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Can two particles remain entangled even if one is past the event horizon of a black hole? If both particles are in the black hole?

What changes occur when the particle(s) crosses(cross) the event horizon?

I have basic Physics knowledge, so I request that answers not assume an in-depth understanding of the field. Thank you all in advance!

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    $\begingroup$ in both cases measurements are impossible, hence, even if we come up with some sensible argument about what should happen, its slightly outside of the realm of science. And i say 'slightly' because this conclusion is based on our current understanding of black holes. $\endgroup$ – lurscher May 14 '12 at 20:56
  • $\begingroup$ @lurscher: This is not completely true, since we can study model black holes in AdS/CFT. $\endgroup$ – Ron Maimon May 15 '12 at 6:39
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This question is the black hole information paradox. If you take two entangled particles, make a black hole by colliding two highly energetic photons, throw in one of the two entangled particles, and wait for the black hole to decay, is the remaining untouched particle entangled with anything anymore?

In Hawking's original view, the infalling particle would no longer be in communication with our universe, and the entanglement would be converted to a pure density matrix from our point of view. The particle outside would no longer be entangled with anything we can see in our causal part of the universe. Then when the black hole decays, the outgoing Hawking particles of the decay would not be entangled with the untouched particle.

This point of view is incompatible with quantum mechanics, since it takes a pure state to a density matrix. It is known today to be incorrect, since in models of quantum gravity when AdS/CFT works, the theory is still completely unitary.

This means that the particle stays entangled with something as its partner crosses the horizon. This "thing" is whatever degrees of freedom the black hole has, those degrees of freedom that make up its entropy. When the black hole decays completely, the outgoing particles are determined by these microscopic variables, and at no point was there ever a loss of coherence in the entanglement.

This point of view requires that the information about the particle that fell through the horizon is also contained in the measurable outside state of the black hole. This is t'Hoofts holographic principle as extended into Susskind's black hole complementarity, the principle that the degrees of freedom of a black hole encode the infalling matter completely in externally measurable variables. This point of view is nearly universal today, because we have model quantum gravity situations where this is clearly what happens.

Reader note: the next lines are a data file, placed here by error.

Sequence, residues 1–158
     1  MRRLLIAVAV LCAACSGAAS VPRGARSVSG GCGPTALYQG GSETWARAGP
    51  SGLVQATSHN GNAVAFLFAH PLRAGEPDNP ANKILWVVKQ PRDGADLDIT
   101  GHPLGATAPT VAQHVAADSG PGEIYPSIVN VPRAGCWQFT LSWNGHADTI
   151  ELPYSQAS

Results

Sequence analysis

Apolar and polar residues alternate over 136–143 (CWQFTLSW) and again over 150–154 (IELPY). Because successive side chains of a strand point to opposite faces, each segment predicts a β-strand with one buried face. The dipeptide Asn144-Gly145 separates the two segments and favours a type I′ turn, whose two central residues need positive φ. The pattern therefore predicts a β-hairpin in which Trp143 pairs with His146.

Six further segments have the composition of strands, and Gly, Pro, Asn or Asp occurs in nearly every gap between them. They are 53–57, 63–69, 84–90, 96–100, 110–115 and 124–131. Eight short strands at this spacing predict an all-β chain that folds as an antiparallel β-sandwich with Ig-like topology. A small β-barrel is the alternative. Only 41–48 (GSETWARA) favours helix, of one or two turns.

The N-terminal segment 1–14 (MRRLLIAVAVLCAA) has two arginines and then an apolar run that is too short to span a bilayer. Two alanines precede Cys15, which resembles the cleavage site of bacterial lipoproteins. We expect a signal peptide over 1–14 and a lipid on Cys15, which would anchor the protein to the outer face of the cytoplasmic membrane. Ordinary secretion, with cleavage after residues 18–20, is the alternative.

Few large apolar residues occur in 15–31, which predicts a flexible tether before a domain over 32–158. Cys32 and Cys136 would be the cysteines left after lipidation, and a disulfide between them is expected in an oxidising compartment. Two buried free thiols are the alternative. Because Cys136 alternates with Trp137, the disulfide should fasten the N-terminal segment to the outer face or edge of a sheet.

The details of the degrees of freedom of a four dimensional neutral black hole in our universe are not completely understood, so it is not possible to say exactly what the external particle is entangled with as the infalling particle gets to the horizon. But the basic picture is that the infalling particle doesn't fall through from the external point of view, but smears itself nonlocally on the horizon (like a string theory string getting boosted and long). The external particle is still entangled with this second representation of the infalling particle.

This means that the same thing is described in two different ways, the interior and the exterior. But since no observer measures both at the same time, it is consistent with quantum mechanics to just have a unitary transformation that reconstructs the interior states from those states of the exterior that can be measured at infinity by scattering experiments.

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  • $\begingroup$ But by making a measurement on the external particle, we can immediately deduce the state of the "internal" particle. That implies we've been able to extract information from a black hole, which isn't supposed to be possible, right? $\endgroup$ – Andrew Palfreyman May 14 '16 at 18:16
  • $\begingroup$ I've never taken college level physics and I suck at math, but... If I understand correctly, from outside of a black hole, we never actually witness anything cross the event horizon of a black hole, right? If you drop something in, it take forever for it to actually fall in, right? So from our perspective, the electron never really leaves our universe, does it? I may well be misunderstanding this concept, though. $\endgroup$ – Pete Sep 11 '17 at 14:40
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That isn't actually an issue. You have no control over what answer you will get when you make a measurement on the external particle, so you get one of several possible answers; then you are deducing the only logically possible answer for the internal particle. That isn't information transfer from the inside to the outside - for that someone inside the black hole needs to intentionally send you something specific that they direct.

As an example, if your friend could be in Dallas or London with 50% probability, if you discovered that person in London, the probability of them being in Dallas drops to zero instantaneously. That doesn't violate relativity - information wasn't actually transferred anywhere.

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